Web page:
I have a love affair with gardening. Not only do I find digging in the dirt to be a very satisfying activity, I thoroughly enjoy visiting gardens for inspiration.
The gardens of Victoria in spring are exceptional places to visit. They’re very much alive and bursting with colour while the rest of Canada may or is under many feet of snow.
I think 3 of the best gardens to visit in Victoria include The Butchart Gardens, Abkhazi Garden and the Horticultural Centre of the Pacific. While they all tend to be at their prettiest from early spring to late fall, they can be visited year-round. All of them also offer either meals or high tea.
The Teahouse at Abkhazi Garden
The 1.4 acre Abkhazi Garden sits on a stunning lot overlooking the Olympic Mountains and the Strait of Georgia in a residential area of Victoria. The gardens are a work of love created by Prince and Princess Abkhazi, famous for a friendship and romance that spanned seven decades, and survived the horrors of WWII – including both of them being interned for a time. They didn’t start the garden until they were in their forties shortly after they got married in 1946.
The garden is famous in horticultural circles for its prized rhododendrons and rare flowers. I personally loved the Chinese fir that almost glowed on an overcast day. While you could run through the garden in 15 minutes, it’s a place that is meant to be savoured. Take your time as you walk the paths. Stop and listen for the birds and smell the proverbial flowers.
Lunch and high tea are both offered in the Teahouse – formerly the main residence of the prince and princess, with the last tea sitting and garden entry at 4 PM. In the winter (October – March) hours are reduced and the garden is open from Wednesday to Sunday. It’s located at 1964 Fairfield Road, about a 10 minute drive from downtown Victoria.
While high tea doesn’t come cheaply ($48 pp here) it’s considerably less than the $75 pp price tag at the Empress – and what a beautiful setting it’s in. Choose from teas with names like Alchemist Brew and Moonlight on the Grove and enjoy small bites of quiche, sausage rolls, sandwiches, scones with preserves and cream along with an assortment of goodies.
The Butchart Gardens
It was years of traveling to see my mother in Sidney before I got around to visiting The Butchart Gardens, mainly because I figured it was a garden catering to tourists. I was very wrong. While there are certainly busloads of visitors, the gardens are for tourists and locals alike with lots of great programming including concerts and fireworks. Despite the million plus yearly visitors, people get dispersed as The Butchart Gardens cover 55 acres. The gardens are truly gorgeous, especially the Sunken Garden, though that should come as no surprise when you consider that in peak season they employ 550 people.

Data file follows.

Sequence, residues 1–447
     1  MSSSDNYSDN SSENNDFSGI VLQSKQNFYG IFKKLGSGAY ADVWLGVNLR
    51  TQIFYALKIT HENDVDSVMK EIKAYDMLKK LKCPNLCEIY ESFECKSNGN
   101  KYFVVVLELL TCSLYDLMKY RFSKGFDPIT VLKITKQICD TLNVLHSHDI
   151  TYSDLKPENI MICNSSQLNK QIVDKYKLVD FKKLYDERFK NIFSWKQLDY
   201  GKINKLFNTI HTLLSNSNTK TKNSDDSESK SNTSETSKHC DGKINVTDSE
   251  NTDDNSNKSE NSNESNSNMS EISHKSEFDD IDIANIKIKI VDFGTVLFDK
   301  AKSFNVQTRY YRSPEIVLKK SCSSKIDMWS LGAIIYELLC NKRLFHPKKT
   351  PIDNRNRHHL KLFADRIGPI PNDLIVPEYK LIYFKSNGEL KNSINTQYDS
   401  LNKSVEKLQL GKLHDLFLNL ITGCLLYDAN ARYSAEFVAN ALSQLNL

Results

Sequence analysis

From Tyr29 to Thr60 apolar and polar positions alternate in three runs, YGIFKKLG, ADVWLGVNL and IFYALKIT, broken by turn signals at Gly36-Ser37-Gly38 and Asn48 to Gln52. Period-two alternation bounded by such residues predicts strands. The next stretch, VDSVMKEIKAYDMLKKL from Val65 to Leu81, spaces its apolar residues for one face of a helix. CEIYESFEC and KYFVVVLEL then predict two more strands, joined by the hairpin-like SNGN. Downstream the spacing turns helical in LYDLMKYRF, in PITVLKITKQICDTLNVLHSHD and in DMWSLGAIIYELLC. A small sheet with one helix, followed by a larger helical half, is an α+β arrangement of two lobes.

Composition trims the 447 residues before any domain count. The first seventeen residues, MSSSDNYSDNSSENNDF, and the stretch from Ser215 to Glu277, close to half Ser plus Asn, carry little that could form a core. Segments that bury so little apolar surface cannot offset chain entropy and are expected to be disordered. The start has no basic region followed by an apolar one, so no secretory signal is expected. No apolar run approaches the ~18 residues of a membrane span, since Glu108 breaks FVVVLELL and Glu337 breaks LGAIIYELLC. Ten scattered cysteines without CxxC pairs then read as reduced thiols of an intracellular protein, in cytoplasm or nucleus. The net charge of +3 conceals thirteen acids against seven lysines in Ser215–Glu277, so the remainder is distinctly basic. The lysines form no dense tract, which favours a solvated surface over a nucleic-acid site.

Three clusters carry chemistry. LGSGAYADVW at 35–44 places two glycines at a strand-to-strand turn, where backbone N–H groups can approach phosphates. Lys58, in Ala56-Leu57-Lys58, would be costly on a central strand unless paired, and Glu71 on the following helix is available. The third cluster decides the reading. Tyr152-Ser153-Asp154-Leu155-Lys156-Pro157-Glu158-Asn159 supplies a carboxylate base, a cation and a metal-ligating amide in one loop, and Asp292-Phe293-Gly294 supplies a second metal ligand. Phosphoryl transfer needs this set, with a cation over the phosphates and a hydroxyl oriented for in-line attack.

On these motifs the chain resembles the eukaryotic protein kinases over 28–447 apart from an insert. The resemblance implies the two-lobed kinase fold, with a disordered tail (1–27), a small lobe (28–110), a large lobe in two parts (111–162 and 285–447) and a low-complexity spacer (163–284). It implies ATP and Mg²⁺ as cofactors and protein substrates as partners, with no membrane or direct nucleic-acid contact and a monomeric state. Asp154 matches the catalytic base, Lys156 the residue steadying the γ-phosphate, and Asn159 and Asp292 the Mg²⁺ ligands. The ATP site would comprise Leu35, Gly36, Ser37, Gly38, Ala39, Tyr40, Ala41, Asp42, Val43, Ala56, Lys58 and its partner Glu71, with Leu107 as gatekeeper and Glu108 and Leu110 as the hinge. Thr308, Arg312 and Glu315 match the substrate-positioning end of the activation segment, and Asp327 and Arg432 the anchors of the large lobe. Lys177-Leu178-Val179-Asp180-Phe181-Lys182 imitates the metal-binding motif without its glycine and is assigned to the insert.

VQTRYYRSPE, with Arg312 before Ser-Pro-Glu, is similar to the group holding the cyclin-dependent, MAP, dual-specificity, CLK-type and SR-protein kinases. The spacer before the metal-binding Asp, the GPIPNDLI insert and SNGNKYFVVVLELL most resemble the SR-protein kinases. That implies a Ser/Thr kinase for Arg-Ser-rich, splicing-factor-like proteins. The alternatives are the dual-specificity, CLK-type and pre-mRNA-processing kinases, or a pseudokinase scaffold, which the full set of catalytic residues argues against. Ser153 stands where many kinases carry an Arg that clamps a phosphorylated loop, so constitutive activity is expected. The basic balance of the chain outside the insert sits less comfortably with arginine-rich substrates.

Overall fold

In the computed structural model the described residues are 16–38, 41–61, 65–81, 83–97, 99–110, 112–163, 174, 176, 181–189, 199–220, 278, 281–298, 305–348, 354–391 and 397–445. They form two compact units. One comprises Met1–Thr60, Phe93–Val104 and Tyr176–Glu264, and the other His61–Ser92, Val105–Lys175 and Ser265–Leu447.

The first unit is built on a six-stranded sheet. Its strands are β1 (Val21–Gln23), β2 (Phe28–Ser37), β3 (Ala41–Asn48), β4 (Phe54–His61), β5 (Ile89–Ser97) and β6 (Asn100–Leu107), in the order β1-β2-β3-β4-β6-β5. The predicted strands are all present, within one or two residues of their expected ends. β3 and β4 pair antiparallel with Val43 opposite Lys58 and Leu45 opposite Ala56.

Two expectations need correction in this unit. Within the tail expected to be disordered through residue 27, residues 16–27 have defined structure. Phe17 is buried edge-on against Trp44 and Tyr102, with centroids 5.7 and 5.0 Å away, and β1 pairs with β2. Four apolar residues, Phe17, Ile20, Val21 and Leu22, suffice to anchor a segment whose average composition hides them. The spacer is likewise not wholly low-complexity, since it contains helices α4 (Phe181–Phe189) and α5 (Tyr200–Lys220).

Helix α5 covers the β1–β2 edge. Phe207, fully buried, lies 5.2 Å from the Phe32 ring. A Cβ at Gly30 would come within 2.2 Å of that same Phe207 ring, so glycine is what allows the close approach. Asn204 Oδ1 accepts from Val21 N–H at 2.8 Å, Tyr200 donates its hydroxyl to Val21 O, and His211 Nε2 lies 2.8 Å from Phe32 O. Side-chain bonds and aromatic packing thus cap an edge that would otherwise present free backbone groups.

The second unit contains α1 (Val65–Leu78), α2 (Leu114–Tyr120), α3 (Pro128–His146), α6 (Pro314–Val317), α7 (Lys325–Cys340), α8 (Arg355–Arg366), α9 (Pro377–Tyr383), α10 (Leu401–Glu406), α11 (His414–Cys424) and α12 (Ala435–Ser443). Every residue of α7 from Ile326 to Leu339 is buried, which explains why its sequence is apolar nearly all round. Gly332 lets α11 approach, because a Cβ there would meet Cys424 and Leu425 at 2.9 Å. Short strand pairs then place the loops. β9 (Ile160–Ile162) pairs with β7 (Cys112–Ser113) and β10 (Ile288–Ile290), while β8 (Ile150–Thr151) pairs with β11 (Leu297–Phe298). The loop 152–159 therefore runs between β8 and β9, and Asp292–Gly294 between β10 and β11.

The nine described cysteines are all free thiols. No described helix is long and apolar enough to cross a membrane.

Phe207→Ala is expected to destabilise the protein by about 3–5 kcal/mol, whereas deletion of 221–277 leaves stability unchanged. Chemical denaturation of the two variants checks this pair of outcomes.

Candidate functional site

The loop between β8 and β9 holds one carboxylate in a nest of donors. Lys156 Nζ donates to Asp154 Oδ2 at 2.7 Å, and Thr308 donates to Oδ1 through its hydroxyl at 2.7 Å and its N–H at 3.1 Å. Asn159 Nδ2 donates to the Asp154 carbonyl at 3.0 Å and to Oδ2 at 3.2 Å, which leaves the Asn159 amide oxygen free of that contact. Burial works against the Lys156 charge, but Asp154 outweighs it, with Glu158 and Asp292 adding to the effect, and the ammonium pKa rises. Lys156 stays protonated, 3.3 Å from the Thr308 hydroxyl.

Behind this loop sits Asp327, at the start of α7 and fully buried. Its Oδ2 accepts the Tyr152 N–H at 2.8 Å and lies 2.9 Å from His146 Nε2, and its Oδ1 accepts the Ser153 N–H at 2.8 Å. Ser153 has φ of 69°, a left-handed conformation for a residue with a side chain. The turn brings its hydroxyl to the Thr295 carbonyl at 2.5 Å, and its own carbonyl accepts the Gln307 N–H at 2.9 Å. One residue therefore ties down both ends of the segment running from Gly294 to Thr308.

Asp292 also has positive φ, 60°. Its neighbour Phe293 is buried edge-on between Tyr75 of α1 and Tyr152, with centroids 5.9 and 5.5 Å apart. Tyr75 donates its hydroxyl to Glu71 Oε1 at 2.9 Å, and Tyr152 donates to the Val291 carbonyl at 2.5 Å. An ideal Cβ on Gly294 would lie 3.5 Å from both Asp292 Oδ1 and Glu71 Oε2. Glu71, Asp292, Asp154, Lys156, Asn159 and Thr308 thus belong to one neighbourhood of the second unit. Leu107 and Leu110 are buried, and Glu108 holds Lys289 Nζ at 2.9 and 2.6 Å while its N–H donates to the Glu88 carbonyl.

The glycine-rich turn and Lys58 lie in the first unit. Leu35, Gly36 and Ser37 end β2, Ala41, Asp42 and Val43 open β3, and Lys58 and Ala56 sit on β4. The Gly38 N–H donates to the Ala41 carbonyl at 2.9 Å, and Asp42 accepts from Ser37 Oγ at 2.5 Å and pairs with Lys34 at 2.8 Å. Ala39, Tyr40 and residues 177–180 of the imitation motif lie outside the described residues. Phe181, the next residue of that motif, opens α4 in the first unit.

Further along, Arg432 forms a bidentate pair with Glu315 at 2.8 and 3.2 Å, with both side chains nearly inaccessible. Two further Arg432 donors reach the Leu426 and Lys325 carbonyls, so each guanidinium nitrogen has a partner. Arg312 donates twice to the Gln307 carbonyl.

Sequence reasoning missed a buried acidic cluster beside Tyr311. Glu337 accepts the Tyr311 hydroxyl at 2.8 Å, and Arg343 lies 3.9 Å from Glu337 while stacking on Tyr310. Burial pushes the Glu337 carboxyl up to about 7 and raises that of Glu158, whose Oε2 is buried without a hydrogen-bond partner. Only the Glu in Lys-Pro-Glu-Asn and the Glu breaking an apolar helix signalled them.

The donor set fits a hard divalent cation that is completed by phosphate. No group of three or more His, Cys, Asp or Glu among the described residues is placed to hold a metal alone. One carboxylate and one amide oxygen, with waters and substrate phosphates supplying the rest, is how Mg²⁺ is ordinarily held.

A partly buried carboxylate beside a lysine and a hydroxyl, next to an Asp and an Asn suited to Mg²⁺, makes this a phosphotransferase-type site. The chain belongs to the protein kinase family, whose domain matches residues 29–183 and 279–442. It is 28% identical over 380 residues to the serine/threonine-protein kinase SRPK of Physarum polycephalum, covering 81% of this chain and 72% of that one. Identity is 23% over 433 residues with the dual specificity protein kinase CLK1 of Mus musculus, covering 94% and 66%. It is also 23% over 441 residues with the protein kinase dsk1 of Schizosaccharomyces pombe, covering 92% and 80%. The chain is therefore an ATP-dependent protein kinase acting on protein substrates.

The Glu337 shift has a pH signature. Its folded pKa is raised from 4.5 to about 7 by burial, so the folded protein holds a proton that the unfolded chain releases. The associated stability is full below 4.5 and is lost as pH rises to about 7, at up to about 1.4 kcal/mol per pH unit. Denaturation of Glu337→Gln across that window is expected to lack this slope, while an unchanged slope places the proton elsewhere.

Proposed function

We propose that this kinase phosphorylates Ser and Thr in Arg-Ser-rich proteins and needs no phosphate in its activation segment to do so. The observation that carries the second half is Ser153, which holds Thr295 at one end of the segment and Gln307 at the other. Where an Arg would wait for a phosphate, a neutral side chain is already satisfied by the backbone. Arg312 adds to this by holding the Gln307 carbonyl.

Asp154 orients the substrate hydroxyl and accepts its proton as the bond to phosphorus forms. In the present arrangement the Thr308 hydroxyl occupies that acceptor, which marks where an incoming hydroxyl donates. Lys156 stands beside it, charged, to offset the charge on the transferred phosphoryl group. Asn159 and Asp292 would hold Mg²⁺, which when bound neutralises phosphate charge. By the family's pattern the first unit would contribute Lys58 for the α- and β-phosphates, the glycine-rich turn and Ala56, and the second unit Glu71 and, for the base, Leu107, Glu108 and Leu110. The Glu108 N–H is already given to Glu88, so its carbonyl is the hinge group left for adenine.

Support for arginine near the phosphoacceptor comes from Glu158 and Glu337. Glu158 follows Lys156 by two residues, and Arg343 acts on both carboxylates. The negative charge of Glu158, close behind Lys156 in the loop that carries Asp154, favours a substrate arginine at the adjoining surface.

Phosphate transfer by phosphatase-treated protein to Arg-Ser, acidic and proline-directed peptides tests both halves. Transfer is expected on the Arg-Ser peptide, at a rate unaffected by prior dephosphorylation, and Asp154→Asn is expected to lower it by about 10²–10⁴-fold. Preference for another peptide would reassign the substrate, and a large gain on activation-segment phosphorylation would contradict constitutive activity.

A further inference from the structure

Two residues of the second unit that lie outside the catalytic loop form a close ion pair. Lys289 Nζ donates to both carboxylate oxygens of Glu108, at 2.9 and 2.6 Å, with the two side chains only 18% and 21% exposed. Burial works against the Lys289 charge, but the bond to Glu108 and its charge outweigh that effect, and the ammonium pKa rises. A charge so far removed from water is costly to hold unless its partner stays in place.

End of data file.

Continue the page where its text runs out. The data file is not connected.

READ: To learn the fascinating history of the gardens check out Butchart Gardens: Big, Bold and Beautiful.
Allow at least 1.5 hours to wander through all the different types of gardens that make up The Butchart Gardens. For a real treat make a reservation in The Dining Room Restaurant. While you nosh in what has been called one of the top 100 restaurants in Canada by Open Table, you can enjoy an intimate experience looking out to the gardens. They offer high tea, lunch and dinner.
The Butchart Gardens is located 23 kilometres north of Victoria on the Saanich Peninsula and just 10 kilometres away from the Horticultural Centre of the Pacific. This is truly a garden not to be missed, no matter what the season.
Horticultural Centre of the Pacific
I mentioned the Horticultural Centre of the Pacific (HCP) in my blog about my experience on the harbour to farm bike tour in Victoria. I think these gardens fly under the radar of the general public but the locals are on-board, especially considering how many classes they offer onsite including a meadowscaping for biodiversity workshop.
The heart of the HCP is research, conservation and lifelong learning. But you will definitely be able to draw inspiration from all the different types of gardens including an edible garden, hardy fuchsia, urban and farm garden. Include a wander through the Japanese garden to admire the gorgeous bonsai trees.
Finish off a visit here with a meal or a drink at Charlotte and the Quail. Their menu is locally inspired; food is truly delicious and the presentation is outstanding.
I can guarantee that visiting these three Victoria gardens will lift your spirits and inspire you.
What do you think are the best gardens in Victoria, BC?
Thank you to The Teahouse at Abkhazi Garden for hosting my tea and to Tourism Victoria for hosting my visit and making it all happen.